Monoprice, the online seller best known for its superlow prices on audio and video staple accessories like HDMI cables and connectors, has been slowly edging into the enthusiast end of the market with its Monolith brand of high-performance gear. Monolith speakers, subwoofers, amplifiers, and headphones all follow the tried-and-true Monoprice formula of taking established technology and then producing it a much lower prices than the big brands. But now, the company has its sights set on something completely different, with the just-announced $1,000 Monolith AMT, a set of wired headphones that use Air Motion Transformer (AMT) drivers.
Monolith’s previous headphone models have incorporated dynamic drivers or planar magnetic drivers in both open and closed designs. And while planar magnetic drivers aren’t popular with casual listening audiences, they’ve been used on a wide variety of audiophile-grade headphones from companies like Beyerdynamic, Focal, Sennheiser, Audeze, and more.
But AMT drivers have only shown up on one or two models so far, and none are being used by those brands. The companies that do make them, like HEDD Audio, charge plenty for them. HEDD’s AMT-based Heddphone costs $1,899. So why is Monoprice venturing into this unusual and exotic area of personal audio, and what makes the Monolith AMT different?
Without getting too technical, Air Motion Transformer drivers have diaphragms that are made from a single, ultrathin sheet of polyethylene terephthalate (PET) film. But that sheet is then pleated or folded several times so that it achieves a much higher total surface area than a conventional dynamic driver. In other words, it behaves like a driver that is much larger than its size would normally suggest.
In addition to the larger surface area, the sheet moves like a bellows or an accordion, giving it the ability to “breathe” in and out, while at the same time moving that air (and thus sound) much faster than other driver types. In theory, AMT drivers are capable of lightning-fast transient response rates, which in turn should improve accuracy and fidelity. Moving air quickly is part of what makes the $50,000 set of Sennheiser headphones sound so good.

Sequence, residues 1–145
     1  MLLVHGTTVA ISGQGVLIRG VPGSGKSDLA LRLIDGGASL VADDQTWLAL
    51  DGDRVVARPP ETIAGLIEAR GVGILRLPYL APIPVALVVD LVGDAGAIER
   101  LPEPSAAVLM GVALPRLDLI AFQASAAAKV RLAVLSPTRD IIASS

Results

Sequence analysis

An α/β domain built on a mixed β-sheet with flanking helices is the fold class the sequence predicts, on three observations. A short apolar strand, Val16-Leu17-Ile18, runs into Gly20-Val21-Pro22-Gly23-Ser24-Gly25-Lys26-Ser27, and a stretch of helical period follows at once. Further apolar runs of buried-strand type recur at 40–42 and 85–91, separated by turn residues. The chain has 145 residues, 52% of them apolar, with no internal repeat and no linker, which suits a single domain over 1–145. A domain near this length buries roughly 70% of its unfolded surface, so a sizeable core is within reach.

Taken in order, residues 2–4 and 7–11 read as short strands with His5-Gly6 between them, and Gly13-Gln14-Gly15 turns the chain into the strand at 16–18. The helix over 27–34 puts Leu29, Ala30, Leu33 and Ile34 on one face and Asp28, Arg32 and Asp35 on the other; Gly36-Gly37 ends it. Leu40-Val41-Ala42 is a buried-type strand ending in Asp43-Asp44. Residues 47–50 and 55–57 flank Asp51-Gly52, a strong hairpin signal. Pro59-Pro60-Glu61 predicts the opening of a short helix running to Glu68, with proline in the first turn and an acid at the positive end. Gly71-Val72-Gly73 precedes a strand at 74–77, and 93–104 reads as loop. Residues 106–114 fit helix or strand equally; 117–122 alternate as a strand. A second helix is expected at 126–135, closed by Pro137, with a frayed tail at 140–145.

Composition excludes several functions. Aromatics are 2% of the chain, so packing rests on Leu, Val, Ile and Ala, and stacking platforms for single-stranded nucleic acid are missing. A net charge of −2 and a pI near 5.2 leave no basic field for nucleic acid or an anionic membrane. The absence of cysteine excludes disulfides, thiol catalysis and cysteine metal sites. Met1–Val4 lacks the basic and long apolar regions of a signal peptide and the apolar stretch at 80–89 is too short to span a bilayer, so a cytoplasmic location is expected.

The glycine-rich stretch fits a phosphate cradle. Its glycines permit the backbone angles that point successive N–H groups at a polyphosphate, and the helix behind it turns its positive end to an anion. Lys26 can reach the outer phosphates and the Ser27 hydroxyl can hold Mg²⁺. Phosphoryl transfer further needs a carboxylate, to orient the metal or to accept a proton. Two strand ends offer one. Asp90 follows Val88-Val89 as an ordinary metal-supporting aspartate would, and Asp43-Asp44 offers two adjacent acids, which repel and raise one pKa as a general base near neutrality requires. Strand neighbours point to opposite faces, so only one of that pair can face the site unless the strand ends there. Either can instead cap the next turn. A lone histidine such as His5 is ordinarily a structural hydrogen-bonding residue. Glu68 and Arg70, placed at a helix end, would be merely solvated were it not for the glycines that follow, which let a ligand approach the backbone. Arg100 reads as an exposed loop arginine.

I’ve never tried AMT headphones before, and we’ve never reviewed any here at Digital Trends. But if this review of the Heddphone by Andrew Park at Headphones.com is any indication, all of those theoretical advantages aren’t just wishful thinking. “I can’t think of anything else that performs as well in as many categories at the sub-$2000 price point,” Park enthuses in his conclusion, though he points out that, at 700 grams (24.6 ounces,) the Heddphones are hardly light. To put that in perspective, the AirPods Max, one of the heaviest high-end wireless headphones you can buy, weigh about half that much at just 13.6 ounces.
The Monolith AMT use an open-back design, with replaceable, memory foam ear cushions. The included cables are as exotic as the drivers — they connect to each earcup using mini XLR 4-pin connectors (same as the Heddphone). These in turn terminate in a 1/4-inch plug for dedicated amps, but there’s also a 3.5mm adapter should you have a device that uses this size of port and is powerful enough to drive these huge cans.
If the Monolith AMT can capture the same performance characteristics of the Heddphone, while coming in slightly lighter (24 ounces) and at almost half the price, Monoprice might have pulled off a minor miracle in making ultra-high-end audio more affordable. We’ll let you know once we get a chance to give them an audition.
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